Galvanising Cyber Security across UK's Essential Services: How the NIS Directive will drive security and safety enhancements

01 February 2018


Operators of Essential Services (OES) are experiencing disruption from a range of digitalisation and automation technologies. While some sectors like transport and utilities are transforming more rapidly than others to tackle disruption, OESs as a whole face two imperatives; be confident in the digital transformation of their enterprise and ensure their operational IT environment remains resilient and safe.

Increased interconnectivity within and between operational and corporate environments not only enables remote management and more agile development, it also increases the opportunities for cyber incidents to occur, which may potentially impact on, say, passenger or patient safety. Despite this, 54% of the 9,500 executives around the world that were surveyed by PwC in the 2018 Global State of Information Security Survey said they do not have an incident response plan in place.

Safety critical organisations need to be able to link cyber security risk with safety risk assessment processes in order to quantify the safety consequences of a cyber threat or vulnerability. Only through being secure and private by design and assuring for safety will these organisations obtain and sustain the public’s confidence. Also, without establishing a common cybersecurity framework, substantiating the safety and security of future systems will remain extremely difficult, and potentially dangerous. To address this, the UK government is acting to protect essential services from cyber attack. They will be transposing the EU Network and Information Systems (NIS) Directive into UK Law in May 2018, requiring Operators of Essential Services to demonstrate that they have proportionate and appropriate cyber security and safety activities, as well as effective incident management capabilities.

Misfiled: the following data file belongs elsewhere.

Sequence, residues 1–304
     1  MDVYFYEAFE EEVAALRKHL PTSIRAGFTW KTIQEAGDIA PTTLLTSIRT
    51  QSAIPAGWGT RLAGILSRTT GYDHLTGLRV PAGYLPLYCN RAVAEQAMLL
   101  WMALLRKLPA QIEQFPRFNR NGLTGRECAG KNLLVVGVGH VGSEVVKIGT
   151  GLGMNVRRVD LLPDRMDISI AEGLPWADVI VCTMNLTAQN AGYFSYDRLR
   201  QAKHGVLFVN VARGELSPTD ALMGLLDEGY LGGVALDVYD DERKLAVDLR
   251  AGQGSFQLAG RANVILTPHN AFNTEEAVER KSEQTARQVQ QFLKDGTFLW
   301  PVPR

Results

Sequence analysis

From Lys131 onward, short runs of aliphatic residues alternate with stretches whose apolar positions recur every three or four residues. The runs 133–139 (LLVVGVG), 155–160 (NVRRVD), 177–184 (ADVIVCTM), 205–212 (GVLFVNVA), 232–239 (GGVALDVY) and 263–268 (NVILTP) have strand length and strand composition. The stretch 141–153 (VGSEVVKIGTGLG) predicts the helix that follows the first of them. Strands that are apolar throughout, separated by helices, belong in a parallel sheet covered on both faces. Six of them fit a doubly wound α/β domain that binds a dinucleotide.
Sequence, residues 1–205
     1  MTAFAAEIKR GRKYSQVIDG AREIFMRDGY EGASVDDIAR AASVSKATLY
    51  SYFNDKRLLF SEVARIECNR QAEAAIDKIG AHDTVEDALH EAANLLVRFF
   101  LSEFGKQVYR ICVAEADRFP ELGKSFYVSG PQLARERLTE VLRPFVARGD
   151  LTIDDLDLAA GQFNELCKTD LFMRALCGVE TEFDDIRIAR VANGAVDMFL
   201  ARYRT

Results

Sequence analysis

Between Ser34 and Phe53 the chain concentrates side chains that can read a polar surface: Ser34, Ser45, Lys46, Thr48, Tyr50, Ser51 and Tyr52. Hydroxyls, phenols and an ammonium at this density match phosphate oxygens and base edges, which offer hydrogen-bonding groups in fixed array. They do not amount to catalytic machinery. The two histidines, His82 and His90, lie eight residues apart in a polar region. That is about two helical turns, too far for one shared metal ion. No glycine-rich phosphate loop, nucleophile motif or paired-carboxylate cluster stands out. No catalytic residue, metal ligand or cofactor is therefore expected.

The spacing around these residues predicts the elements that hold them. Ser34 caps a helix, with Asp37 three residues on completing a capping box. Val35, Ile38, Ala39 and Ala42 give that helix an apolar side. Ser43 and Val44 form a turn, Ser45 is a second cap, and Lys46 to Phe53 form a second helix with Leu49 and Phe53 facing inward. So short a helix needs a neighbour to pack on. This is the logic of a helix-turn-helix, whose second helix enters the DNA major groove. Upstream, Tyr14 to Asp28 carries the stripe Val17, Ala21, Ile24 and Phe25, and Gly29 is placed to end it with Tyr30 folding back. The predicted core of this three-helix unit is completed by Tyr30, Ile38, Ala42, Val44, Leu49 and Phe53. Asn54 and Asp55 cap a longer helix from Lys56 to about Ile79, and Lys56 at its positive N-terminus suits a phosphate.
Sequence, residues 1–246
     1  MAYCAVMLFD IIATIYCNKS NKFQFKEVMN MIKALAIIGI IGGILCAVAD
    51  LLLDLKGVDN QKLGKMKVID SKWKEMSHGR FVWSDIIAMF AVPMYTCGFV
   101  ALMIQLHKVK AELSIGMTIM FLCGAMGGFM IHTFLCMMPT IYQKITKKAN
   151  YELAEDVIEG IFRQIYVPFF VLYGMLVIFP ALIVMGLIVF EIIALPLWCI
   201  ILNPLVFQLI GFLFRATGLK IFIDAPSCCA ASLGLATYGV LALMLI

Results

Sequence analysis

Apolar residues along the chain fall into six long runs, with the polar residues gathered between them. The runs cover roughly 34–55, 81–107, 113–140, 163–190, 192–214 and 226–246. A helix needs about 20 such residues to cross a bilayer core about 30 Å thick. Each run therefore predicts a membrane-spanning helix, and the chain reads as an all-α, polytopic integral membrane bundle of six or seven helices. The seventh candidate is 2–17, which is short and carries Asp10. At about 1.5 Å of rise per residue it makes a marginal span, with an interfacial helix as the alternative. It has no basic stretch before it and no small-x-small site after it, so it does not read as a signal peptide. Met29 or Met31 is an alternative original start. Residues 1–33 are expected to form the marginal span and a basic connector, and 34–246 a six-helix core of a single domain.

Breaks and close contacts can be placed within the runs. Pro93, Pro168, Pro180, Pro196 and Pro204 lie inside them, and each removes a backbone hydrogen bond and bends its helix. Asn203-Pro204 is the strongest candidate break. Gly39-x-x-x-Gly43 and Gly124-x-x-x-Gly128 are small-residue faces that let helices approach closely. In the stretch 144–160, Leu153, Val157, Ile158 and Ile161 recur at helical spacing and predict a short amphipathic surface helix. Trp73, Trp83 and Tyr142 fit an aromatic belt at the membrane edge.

In the same way that GDPR comes with a stick, organisations who fail to implement effective cyber security measures could be fined as much as £17 million or 4% of global turnover, as part of plans to make Britain’s essential networks and infrastructure safe, secure and resilient against the risk of future cyber attacks.

The government wants to encourage a collaborative and proactive approach between the OESs and the competent authorities (e.g. Ofcom, CAA, DfT, and Ofgem), so that competent authorities can be assured that the OESs are effectively managing their cyber security risks.

Ahead of the law being implemented, the government’s timelines are as follows:

  •      Apr 2018: NCSC to publish the generic cross-sector security guidance and a Cyber Assurance Framework (CAF).
  •      Spring 2018: Competent authorities to indicate how OES should interpret the generic guidance and CAF for their own risk management procedures once the legislation goes live in May.
  •        Nov 2018: Competent authorities to produce further detailed sector specific guidance, intended to reflect the unique circumstances of each sector, and which will be prepared in consultation with designated OES and with the support of the NCSC.

OESs will only be required to have implemented guidance that exists and is published today. Where new guidance is produced moving forwards, OESs should be given enough time to incorporate the new guidance into their risk management and security measures.

The NIS Directive is an important part of the Government’s five-year £1.9 billion National Cyber Security Strategy to protect the nation from cyber threats and make the UK the safest place to live and work online. It will ensure essential service operators are taking the necessary action to protect their IT systems.

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